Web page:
Oil Disposition, Reuse and Recycling

Oil Disposition, Reuse and Recycling

Contents

Definitions

Used Oil Life Cycle

Used Oil Disposition Routes

Used Oil Disposal

Improper Disposal

Disposal in Hazardous Waste Facilities

Recycled Fuel Oil

Used oil combusted as fuel, usually in plant boilers, space heaters, or industrial heating applications such as blast furnaces and cement kilns.

Distillate Fuel Oil

Used oil distilled into diesel or marine fuel in a process similar to oil re-refining, but without the final hydrotreating process.

Used Oil Re-Refining

Used oil re-refining is the process of restoring the oil to its original state, removing dirt and chemicals. Industrial and automotive used oils are recycled at re-refineries. The used oil is first tested to determine suitability for re-refining. Once a shipment of used oil is deemed suitable, it is first dehydrated, a process which removes water which is then treated before being released to the environment. Dehydrating also removes light fuels that are used to power the refinery and captures ethylene glycol for re-use in recycled antifreeze.

Next, industrial fuel is separated out of the used oil then vacuum distillation removes the lube cut (that is, the fraction suitable for reuse as lubricating oil) leaving a heavy oil that contains the used oil's additives and other by-products such as asphalt extender. The lube cut next undergoes hydro treating, or catalytic hydrogenation to remove residual polymers and other chemical compounds, and saturate carbon chains with hydrogen for greater stability.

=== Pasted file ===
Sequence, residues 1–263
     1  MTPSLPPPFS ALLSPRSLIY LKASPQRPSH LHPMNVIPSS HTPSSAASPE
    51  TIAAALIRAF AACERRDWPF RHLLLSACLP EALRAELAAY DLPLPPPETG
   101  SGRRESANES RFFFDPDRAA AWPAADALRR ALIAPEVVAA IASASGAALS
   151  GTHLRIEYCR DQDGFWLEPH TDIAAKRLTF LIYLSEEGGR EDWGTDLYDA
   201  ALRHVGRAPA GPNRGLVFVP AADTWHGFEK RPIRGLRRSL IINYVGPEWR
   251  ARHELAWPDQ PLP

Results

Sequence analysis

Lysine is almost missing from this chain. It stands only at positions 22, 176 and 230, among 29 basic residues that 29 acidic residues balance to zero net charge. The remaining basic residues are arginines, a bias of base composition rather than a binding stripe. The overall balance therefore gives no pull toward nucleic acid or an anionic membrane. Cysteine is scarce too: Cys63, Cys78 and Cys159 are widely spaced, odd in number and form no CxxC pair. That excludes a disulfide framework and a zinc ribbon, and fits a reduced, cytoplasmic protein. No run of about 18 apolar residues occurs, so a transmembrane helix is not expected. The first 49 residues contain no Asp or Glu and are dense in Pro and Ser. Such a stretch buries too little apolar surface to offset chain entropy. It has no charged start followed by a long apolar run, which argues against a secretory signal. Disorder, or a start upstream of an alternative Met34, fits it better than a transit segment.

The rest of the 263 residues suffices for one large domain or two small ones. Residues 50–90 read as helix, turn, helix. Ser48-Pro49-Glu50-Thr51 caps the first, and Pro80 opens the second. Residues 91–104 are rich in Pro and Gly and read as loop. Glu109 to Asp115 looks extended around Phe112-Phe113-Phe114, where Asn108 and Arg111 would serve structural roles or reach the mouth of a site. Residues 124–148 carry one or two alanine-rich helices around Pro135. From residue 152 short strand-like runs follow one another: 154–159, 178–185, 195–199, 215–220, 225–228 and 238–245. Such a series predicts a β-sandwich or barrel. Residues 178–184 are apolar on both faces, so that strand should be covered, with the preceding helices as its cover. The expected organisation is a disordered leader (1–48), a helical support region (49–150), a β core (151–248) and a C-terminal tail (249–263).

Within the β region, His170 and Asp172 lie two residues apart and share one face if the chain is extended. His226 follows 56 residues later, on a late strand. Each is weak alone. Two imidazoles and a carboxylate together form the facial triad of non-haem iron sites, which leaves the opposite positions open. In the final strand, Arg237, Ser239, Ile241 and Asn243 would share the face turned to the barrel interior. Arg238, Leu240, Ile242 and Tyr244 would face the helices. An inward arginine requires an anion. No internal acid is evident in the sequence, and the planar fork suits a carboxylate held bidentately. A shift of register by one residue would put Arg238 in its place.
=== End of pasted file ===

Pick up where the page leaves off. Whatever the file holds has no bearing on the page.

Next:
Final oil separation, or fractionating, separates the oil into three different oil grades: Light viscosity lubricants suitable for general lubricant applications, low viscosity lubricants for automotive and industrial applications, and high viscosity lubricants for heavy-duty applications. The oil that is produced in this step is referred to as re-refined base oil (RRBL).

The final step is blending additives into these three grades of oil products to produce final products with the right detergent and anti-friction qualities. Then each product is tested again for quality and purity before releasing it to the public for resale.

Re-refining process produces products indistinguishable from products produced by conventional refining.[1][2] [3]

Major Incidents

The Hub Oil explosion was an industrial accident at a used oil re-refining facility that took place on August 9, 1999 in Calgary, Alberta and caused two fatalities.

References

  1. ^ "The engineering aspects of a used oil recycling project" Harrison, C. Waste Management. Vol. 14, no. 3-4, pp. 231-235. 1994. Proquest
  2. ^ Economics of used oil recycling: still slippery by Paris R. Wolfe
  3. ^ Improving Used Oil Recycling in California. 2008. 

External links


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